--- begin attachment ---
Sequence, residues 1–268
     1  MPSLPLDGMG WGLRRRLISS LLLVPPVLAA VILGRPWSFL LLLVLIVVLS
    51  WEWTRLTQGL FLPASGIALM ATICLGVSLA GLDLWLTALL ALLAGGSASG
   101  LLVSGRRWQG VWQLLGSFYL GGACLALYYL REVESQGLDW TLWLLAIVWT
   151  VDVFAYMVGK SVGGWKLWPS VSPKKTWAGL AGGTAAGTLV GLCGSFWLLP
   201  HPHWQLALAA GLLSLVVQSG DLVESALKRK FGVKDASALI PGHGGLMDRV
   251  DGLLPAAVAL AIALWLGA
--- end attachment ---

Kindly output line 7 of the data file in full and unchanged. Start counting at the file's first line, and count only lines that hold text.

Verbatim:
   251  DGLLPAAVAL AIALWLGA